- Mary Rogelstad
- June 16, 2022
- Tagged In:
- Community Service
Community activist Opal Lee was 12-years-old when a large group of white rioters burned down her family’s home in Texas in 1939. The date the attack occurred would stick with her – June 19. It would be one catalyst for her decades-long mission to make Juneteenth a national holiday in the United States.
This finally happened in 2021 when President Joe Biden signed a bill making June 19 a federal holiday. The person who received the first of several pens he used during the signing was Opal Lee, who was then 94-years-old.
Juneteenth celebrates the emancipation of those who had been enslaved in the country. It commemorates the day in 1865 when word that slavery had been abolished finally reached Galveston, Texas. It took more than two years for the news to spread to this region.
It’s not entirely known why it took so long. Certainly one factor was the lack of Union soldiers in Texas to enforce the Emancipation Proclamation. Opal Lee has promoted leading 2.5 km walks to mark that extended time period.
Her efforts are among the better known ones that have promoted Juneteenth. Over the decades, celebrations of June 19th have varied from large to barely being noticeable. Much of that variance has depended on history.
Juneteenth Celebrations & Lessons
In the early days, Juneteenth was little recognized outside of African American communities. They celebrated the day with barbecues, speeches, and prayer services. Marking the day became more difficult when the Great Depression seized the nation.
When workers had to move to the cities for jobs, employers were unlikely to grant a day off on June 19. Details about Juneteenth were also not taught in schools.
After many years of virtual silence, the Civil Rights Movement proved one important point – that awareness is key. Juneteenth showcases how it’s much easier for injustices to occur in the shadows.
Civil Rights leaders were able to reignite awareness about the struggles of their ancestors and connect it to modern times. During the Poor People’s March to Washington D.C. Rev. Ralph Abernathy inspired attendees to return home and organize Juneteenth celebrations.
Those festivities re-focused attention on ongoing efforts to stomp out hidden injustices. Juneteenth clearly shows that for two and half years enslaved people in Texas did not know they were legally free – that signing a bill was not enough. The celebration reminds the international community of the difficulties of ensuring freedom.
Modern Day Slavery Around the World
Today the worldwide community is still battling against slavery. The International Labor Organization (ILO) estimates that more than 40 million people worldwide are victims of modern slavery. This includes anyone who cannot refuse work or leave a situation because of threats, violence, or other abuses of power. Among the victims are those who experience forced labor, debt bondage, forced marriage, and human trafficking.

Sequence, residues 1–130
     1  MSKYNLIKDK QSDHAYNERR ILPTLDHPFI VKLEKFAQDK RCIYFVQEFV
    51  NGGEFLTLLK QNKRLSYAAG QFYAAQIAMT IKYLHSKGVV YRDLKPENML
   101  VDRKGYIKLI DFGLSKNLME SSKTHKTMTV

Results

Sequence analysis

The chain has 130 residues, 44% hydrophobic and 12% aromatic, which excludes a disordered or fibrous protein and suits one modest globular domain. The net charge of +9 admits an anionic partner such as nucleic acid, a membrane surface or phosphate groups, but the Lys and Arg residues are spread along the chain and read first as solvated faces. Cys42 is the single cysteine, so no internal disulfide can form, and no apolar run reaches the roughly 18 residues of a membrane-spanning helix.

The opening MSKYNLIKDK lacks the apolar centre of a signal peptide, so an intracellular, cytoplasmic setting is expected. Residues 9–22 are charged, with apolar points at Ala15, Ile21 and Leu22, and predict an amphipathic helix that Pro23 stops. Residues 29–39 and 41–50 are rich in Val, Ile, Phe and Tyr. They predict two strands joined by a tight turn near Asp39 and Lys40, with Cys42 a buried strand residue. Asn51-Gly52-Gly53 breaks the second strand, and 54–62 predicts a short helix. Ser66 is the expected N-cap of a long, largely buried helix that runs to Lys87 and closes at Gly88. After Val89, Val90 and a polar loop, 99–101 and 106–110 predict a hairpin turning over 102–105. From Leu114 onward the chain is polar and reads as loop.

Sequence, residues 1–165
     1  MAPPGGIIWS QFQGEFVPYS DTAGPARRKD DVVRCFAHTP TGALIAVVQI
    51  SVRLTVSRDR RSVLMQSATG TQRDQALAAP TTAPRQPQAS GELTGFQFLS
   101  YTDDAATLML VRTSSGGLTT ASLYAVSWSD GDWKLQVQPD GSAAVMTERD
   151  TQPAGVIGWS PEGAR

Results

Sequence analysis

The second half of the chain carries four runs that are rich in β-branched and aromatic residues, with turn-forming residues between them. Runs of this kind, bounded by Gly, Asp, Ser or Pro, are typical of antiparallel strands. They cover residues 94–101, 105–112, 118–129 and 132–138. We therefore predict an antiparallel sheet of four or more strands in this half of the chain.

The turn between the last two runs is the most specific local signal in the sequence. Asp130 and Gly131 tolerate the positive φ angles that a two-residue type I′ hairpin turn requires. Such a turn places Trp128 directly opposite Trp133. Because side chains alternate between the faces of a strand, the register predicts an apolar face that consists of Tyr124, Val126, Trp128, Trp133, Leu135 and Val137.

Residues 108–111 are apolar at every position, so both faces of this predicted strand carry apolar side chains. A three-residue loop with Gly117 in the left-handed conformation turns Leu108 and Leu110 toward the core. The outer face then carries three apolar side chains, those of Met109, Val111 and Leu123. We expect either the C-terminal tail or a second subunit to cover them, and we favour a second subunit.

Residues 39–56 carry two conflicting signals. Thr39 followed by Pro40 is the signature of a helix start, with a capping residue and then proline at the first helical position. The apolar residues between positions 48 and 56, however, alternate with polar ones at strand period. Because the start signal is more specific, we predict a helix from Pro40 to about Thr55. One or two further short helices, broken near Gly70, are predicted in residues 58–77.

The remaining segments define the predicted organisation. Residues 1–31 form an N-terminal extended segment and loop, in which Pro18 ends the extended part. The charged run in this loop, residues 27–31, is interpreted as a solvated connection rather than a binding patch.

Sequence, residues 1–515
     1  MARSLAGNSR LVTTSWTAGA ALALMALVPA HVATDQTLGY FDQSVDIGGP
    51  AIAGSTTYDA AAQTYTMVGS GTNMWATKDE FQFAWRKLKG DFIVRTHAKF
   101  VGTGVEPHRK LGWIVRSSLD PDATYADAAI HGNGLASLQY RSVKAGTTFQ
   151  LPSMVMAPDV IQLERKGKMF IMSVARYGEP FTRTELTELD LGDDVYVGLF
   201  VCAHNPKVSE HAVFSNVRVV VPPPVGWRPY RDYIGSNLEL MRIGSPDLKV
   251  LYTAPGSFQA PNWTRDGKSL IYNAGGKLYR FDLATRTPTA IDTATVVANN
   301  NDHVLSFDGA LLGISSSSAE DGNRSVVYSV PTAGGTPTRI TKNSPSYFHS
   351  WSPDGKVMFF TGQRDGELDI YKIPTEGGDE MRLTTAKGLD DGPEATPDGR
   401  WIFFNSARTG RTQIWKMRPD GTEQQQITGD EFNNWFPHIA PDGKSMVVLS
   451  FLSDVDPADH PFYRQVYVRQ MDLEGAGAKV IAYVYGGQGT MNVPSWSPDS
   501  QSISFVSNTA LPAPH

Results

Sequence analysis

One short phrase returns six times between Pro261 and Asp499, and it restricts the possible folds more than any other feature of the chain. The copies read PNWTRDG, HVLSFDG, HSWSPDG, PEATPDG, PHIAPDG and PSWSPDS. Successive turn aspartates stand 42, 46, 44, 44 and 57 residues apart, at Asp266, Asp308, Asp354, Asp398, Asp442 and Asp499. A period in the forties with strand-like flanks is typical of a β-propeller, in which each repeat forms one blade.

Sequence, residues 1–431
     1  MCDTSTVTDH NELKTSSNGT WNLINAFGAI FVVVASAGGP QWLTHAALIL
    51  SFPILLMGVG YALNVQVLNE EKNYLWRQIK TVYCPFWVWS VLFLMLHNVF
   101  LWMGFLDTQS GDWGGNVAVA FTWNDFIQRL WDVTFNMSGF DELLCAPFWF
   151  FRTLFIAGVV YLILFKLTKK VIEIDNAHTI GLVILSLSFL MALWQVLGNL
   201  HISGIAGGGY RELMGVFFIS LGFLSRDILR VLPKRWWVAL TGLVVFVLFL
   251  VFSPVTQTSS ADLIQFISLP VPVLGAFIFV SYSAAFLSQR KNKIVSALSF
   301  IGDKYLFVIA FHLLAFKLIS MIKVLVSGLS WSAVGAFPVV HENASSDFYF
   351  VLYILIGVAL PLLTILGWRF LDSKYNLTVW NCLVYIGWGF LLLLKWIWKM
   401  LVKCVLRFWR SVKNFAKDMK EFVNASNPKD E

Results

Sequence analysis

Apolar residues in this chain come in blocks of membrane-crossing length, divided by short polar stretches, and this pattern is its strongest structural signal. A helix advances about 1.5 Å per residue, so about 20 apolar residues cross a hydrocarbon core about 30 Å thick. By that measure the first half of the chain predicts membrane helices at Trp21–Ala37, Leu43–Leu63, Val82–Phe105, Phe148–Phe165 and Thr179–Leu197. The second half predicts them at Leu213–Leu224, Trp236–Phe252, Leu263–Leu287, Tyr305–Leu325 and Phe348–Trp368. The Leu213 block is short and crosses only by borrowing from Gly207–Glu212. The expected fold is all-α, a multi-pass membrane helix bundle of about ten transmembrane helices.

On top of this, it’s estimate that almost one in ten children around the world are subjected to child labor, totaling more than 150 million children. Poverty is the leading reason for this, but in unstable countries children are also pulled into armed conflict and illegal activities, along with potentially being trafficked.
The United Nations has recognized these problems and has created several days to mark the struggles of the past and present. On March 25, the international community remember victims of slavery. On August 23, the focus turns to the abolition of the trans-Atlantic slave trade. This date marks the day in 1791 when enslaved people in present day Haiti revolted against slavery, setting events in motion that would eventually end the trans-Atlantic slave trade.
Finally, on December 2 the United Nations calls for the abolition of current slave trade practices.
What You Can Do
While recognizing these days, it’s helpful to keep in mind small steps everyone can take to fight against modern day slavery. This includes:
- Raising awareness about past and present injustices
- Buying Fair Trade items – These have been created in an ethical manner, including fair labor conditions. Examples of well-known companies that sell these items include Everlane, Honest Tea, Ben & Jerry’s, and Nisolo
- Buying items from local artisans and merchants when traveling
- Supporting nonprofits that fight trafficking and support survivors. This includes organizations like the Safe House Project in the United States.
- Promoting education about Juneteenth and similar commemorations at schools, along with information about modern day injustices across the globe
You also can follow the advice of Opal Lee who recommended celebrating freedom from June 19 to July 4. A few traditions primarily associated with the Fourth of July also are relevant for Juneteenth. For example, there are patriotic songs generally associated with freedom. When the Emancipation Proclamation was issued, formerly enslaved people broke out in song, singing America (My Country, ’Tis of Thee).
That said, there are other songs that primarily are associated with the deep impact of slavery. One of the best known is one that was sung when enslaved people escaped called Many Thousand Go. As its lyrics say:
“No more auction block for me – no more – no more. No more auction block for me. Many thousand go.”
View how Rustic Pathways students make a global impact that helps small communities overcome injustices and thrive.